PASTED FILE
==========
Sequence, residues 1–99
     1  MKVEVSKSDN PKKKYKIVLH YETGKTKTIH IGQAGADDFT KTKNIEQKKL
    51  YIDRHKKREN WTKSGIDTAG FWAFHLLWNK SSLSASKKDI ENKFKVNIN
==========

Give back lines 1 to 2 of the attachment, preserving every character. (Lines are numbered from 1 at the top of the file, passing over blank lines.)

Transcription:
Sequence, residues 1–99
     1  MKVEVSKSDN PKKKYKIVLH YETGKTKTIH IGQAGADDFT KTKNIEQKKL